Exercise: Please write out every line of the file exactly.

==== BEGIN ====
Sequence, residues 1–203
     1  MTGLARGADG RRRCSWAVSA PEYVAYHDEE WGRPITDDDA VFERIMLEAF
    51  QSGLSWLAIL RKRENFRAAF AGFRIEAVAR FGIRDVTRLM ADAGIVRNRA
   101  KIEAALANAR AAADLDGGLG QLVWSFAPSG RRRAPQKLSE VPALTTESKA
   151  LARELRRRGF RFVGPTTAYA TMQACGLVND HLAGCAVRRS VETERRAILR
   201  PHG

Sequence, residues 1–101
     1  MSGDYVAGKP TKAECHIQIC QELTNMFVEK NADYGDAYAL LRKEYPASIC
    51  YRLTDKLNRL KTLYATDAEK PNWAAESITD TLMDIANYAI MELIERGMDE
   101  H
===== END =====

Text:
Sequence, residues 1–203
     1  MTGLARGADG RRRCSWAVSA PEYVAYHDEE WGRPITDDDA VFERIMLEAF
    51  QSGLSWLAIL RKRENFRAAF AGFRIEAVAR FGIRDVTRLM ADAGIVRNRA
   101  KIEAALANAR AAADLDGGLG QLVWSFAPSG RRRAPQKLSE VPALTTESKA
   151  LARELRRRGF RFVGPTTAYA TMQACGLVND HLAGCAVRRS VETERRAILR
   201  PHG

Sequence, residues 1–101
     1  MSGDYVAGKP TKAECHIQIC QELTNMFVEK NADYGDAYAL LRKEYPASIC
    51  YRLTDKLNRL KTLYATDAEK PNWAAESITD TLMDIANYAI MELIERGMDE
   101  H